Texarkana, Texas 2020-10-17 13:09:03 –
Austin (KXAN) — Getting the rank of Eagle Scout is not an easy task. It’s special when you’re one of the first women in the country to historically win the honor reserved for men.
Girls could dream of it a few years ago, but it has become a reality for many since the American Boy Scouts welcomed them.
Abigail Winkelman, 14, from Austin, Texas, became an Eagle Scout on October 2, 2020. This is the day after the window of the Jury for the Inaugural Class of Female Eagle Scouts opens. She is a member of the group. In short, she is the first in the country.
She and all the other girls who won the rank between October 1st and February 8th will be part of the first class of female Eagle Scouts. February 8, 2021 will be marked on the official record and Eagle Scout Certificate as the date each completed the rank. That date coincides with the 111th anniversary of Boy Scouts of America.
It’s unclear how many girls will attend the inaugural class, but internet searches show that more than 12 will be honored nationwide.
“I’m very happy that the Boy Scout made this big jump. is A big jump. Do you want to put a girl in the organization? It’s crazy. And now that they’ve done it, it’s a whole different step for girls and women, and for opportunities, especially later in life like work for women, “Abby said. “It means the world is changing. It’s the evolution of the world and America around the fact that girls can do the same things as boys and girls have more opportunities. It means that you are. “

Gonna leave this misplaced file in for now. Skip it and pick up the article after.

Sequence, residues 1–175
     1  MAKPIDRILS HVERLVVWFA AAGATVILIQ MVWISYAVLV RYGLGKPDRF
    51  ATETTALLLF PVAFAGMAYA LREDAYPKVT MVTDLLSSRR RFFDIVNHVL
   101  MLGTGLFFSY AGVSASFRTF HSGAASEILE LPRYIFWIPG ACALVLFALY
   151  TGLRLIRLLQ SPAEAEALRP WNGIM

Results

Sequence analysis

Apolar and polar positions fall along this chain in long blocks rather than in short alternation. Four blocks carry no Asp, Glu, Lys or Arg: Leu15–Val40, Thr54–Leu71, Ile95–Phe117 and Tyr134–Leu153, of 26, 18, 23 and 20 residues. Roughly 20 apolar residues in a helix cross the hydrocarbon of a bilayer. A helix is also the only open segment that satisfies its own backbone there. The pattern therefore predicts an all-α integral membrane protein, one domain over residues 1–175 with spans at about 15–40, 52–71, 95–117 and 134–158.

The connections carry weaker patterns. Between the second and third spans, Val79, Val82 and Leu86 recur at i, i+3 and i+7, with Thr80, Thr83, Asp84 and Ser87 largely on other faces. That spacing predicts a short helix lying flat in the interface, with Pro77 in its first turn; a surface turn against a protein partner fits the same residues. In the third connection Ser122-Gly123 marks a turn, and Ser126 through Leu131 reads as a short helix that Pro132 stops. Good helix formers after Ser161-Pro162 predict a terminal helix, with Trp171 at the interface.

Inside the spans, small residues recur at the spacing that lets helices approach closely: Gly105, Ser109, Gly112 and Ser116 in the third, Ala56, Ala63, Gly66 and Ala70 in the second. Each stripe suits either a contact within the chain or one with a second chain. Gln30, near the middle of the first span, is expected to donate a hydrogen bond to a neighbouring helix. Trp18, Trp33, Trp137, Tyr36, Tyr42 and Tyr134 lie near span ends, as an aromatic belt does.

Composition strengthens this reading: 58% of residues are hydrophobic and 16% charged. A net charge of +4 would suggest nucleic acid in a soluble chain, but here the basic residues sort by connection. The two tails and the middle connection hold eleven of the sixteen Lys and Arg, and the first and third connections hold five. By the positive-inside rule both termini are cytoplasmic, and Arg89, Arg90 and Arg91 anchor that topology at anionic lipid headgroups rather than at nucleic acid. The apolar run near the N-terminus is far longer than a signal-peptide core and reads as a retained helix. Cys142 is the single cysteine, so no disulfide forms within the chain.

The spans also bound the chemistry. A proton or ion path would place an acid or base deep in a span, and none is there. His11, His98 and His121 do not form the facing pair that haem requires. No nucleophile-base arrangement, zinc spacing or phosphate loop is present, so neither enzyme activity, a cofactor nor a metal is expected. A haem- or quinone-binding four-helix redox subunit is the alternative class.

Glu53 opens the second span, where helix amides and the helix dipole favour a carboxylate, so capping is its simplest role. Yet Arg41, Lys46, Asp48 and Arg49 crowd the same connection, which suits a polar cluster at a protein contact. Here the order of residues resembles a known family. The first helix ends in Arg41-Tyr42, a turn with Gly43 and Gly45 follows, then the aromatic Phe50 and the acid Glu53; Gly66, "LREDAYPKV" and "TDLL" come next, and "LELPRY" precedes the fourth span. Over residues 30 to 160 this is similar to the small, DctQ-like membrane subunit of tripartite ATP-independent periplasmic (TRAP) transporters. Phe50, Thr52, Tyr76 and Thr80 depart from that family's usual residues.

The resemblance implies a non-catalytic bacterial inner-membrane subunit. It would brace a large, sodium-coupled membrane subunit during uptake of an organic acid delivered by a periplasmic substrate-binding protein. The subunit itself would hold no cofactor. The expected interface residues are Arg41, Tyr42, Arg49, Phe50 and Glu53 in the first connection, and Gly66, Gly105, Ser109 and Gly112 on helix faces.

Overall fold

Winkelman earned this rank as a member of the Boy Scout US Army 5131 in Austin, Texas.
“I was surprised. Yes, I set goals, but I don’t think I’ve set goals so ambitious. So I’ve achieved goals, made plans, and all my friends and everything. I’m really proud to have helped someone from my community, “said Abbey.
Her father, Don Winkelman, is proud, but it’s not just the rank of Eagle Scout.
“I’m really proud that she can take leadership throughout the process,” he said. “She has always helped other girls. She has always been one of the people who sign up for different leadership positions, whether patrol leaders or senior patrol leaders … and she projects I saw you lead the project. “
She said Abbey’s Eagle Scout Services project was a big one.
“I made slopes, made benches, made a lot of landscaping. It’s the biggest part of this project because it has a lot of plans, you have to pay all the supplies and you have to contact the beneficiaries. It was the whole process. “
Many friends supported her, including the Scout Master.
“It was new to them that the girls were in the military and they were just very supportive.”
The project also exceeded her rank.
“All these people in my community helped me get this rank, which is the same as I give back to the community. This is what I helped the community and this organization , Helping Anderson Mill Memorial Museum Club and Garden Club. I just wanted to give back to the community and help them. “
Abbey has made access to the Anderson Mill Garden Club in Volente, Texas, ADA.
“This one woman [club] Very kind and very nice, in a wheelchair, and this space was not accessible to her or some of her friends, so it is for me to allow her and others access to this space. It was very important. “
“I definitely haven’t finished scouting, I love it,” Abbey said.
Her future Scouting goals include:
- Brotherhood of the Order of the Arrow
- Bronze, silver and gold palms
She also has many future life goals, including pursuing medical school, becoming a college athlete, and starting a family someday. She wants kids to join Boy Scouts of America as well.
Check out the slideshow below for photos of her Scouting career and Eagle Services project.
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